William & Mary

Student Projects Showcase Range of Geospatial Tools

From oyster reef patterns to geointelligence and national security, students and faculty at William & Mary are applying the tools of GIS to map and communicate their research results.

“GIS” as an acronym refers to Geographic Information System. The term broadly encompasses the many ways in which spatial data can be gathered, stored, analyzed, and displayed using computer-aided systems.Rachel Layko '19 created a digital surface model of Miches, in the Dominican Republic, using Pix4D. The program calculated elevations using images captured in five drone missions.

“There’s been tremendous interest across William & Mary in learning and applying these tools,” said Robert Rose, director of the W&M Center for Geospatial Analysis (CGA). “We are intentionally multi-disciplinary, supporting the full range of projects that can benefit from using maps to analyze and present research results.”

This past March the CGA hosted a research symposium, where students shared example research projects and discussed career paths and opportunities with visiting GIS professionals. The day-long event was funded in part by the Arts & Sciences Annual Fund.

Rachel LaykoRachel Layko ’19 (Biology) presented her project as a story map, describing how geospatial tools can be used to help communities prepare for changing climate conditions. In summer 2018 she worked on the Resilient Islands Project. Her team flew five drone missions over the town of Miches in the Dominican Republic, then combined thousands of the resulting high-resolution images to create a detailed “orthomosaic” digital map.

“In total, I digitized over 4,800 structures,” reported Layko.

“In the community of Miches, the existing flood data was based on 30-meter resolution raster data. By using the drone imagery we collected, we were able to collect much finer resolution data, which can be used to more accurately predict which areas will be affected by flooding.”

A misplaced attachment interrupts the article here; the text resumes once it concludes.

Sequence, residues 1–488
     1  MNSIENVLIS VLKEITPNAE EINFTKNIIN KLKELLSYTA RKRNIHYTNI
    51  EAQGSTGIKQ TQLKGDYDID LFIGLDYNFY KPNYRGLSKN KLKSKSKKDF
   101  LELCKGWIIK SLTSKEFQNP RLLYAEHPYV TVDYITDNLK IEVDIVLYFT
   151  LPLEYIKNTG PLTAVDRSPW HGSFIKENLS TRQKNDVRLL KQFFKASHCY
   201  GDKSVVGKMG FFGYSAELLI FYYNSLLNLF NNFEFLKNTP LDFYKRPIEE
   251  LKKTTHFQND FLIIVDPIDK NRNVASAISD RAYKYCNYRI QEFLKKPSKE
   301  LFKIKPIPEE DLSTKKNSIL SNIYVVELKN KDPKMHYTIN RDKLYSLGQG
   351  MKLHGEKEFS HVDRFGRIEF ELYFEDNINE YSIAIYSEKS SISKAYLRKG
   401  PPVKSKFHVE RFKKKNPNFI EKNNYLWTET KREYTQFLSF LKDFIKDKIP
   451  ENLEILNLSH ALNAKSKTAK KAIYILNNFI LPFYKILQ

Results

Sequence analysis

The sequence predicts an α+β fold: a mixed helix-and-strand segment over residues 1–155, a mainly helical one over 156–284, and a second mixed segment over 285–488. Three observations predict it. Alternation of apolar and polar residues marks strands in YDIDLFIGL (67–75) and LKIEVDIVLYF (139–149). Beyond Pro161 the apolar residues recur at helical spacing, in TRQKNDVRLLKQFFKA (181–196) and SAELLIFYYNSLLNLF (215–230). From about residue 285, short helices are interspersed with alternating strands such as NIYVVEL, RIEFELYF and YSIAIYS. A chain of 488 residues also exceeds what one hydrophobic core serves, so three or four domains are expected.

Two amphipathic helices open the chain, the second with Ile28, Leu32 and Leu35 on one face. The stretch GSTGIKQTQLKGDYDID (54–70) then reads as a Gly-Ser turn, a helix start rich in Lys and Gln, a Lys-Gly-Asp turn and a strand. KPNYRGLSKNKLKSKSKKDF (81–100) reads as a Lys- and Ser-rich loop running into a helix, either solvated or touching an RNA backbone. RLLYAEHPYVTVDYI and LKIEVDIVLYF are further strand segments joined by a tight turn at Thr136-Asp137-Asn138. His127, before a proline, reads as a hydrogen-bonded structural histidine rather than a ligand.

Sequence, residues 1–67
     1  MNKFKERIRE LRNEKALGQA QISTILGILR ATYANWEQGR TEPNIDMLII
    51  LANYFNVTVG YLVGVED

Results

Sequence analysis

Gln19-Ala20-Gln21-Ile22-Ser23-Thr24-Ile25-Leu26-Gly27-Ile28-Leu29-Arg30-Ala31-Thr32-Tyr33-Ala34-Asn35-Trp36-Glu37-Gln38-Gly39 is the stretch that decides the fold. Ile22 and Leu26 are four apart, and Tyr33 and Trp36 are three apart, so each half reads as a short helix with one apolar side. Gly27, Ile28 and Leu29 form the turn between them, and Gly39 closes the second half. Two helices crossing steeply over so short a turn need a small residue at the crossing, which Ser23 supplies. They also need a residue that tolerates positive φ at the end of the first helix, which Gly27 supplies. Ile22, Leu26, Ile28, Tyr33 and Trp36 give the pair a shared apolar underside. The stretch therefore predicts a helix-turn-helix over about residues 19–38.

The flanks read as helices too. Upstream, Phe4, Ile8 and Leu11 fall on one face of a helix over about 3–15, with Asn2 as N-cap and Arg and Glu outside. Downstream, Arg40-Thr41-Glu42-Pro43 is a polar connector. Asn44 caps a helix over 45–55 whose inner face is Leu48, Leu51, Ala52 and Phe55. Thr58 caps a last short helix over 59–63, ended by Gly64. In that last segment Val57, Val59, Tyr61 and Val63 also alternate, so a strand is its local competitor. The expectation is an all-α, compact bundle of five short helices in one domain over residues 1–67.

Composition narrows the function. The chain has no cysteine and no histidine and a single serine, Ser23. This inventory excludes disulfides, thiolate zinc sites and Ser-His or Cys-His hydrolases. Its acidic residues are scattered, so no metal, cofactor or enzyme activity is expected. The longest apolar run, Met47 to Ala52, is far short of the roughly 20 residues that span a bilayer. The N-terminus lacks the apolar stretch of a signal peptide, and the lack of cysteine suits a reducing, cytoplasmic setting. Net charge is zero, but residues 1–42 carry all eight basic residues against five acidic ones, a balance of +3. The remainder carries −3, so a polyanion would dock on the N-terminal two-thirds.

Alexander NocksAlexander Nocks ’19 (Government) presented "Regulating the Revolution: Mitigating Dangers of Public GEOINT Capabilities," a policy project he completed with the W&M Project on International Peace and Security.

Nocks explained how GEOINT, short for geospatial intelligence, comes from analyzing two types of inputs: geospatial information and aerial imagery. GEOINT tools allow remote actors to describe, assess, and model virtually any activity in a given spatial environment.

Public access to geospatial intelligence has resulted in tremendous advances and cost-savings in the areas of exploration and reconnaissance. Alongside those benefits are the known threat of bad actors using GEOINT to select targets and plan and execute terrorist attacks.

In his analysis, Nocks proposed that “instead of blanket, front-end restrictions on the imagery being sold, the United States should adopt specific denial and monitoring strategies to detect online reconnaissance chokepoints that currently control access to the most critical information.”

Other student presentations included:

  • Briana Colon, M.Ed. '19 and M.P.P. '19: "GIS and Public Policy Applications"
  • Karinna Nunez, Ph.D. candidate in Marine Science: “Integrating GIS Technology with Hydrodynamic Models”
  • McKinley Saunders ’19, Economics: “Need Based Donor Response in Nigeria”
  • Sofya Zaytseva, Ph.D. '19 in Applied Science: “Analysis of Oyster Reef Patterns in Remotely Sensed Data”

In fall 2019, the CGA rolls out a new post-graduate certificate program focused on geographic information systems, remote sensing, global positioning systems, and more. The one-year program provides up-to-date knowledge and skills, along with a deeper understanding of professional practices related to geospatial technologies.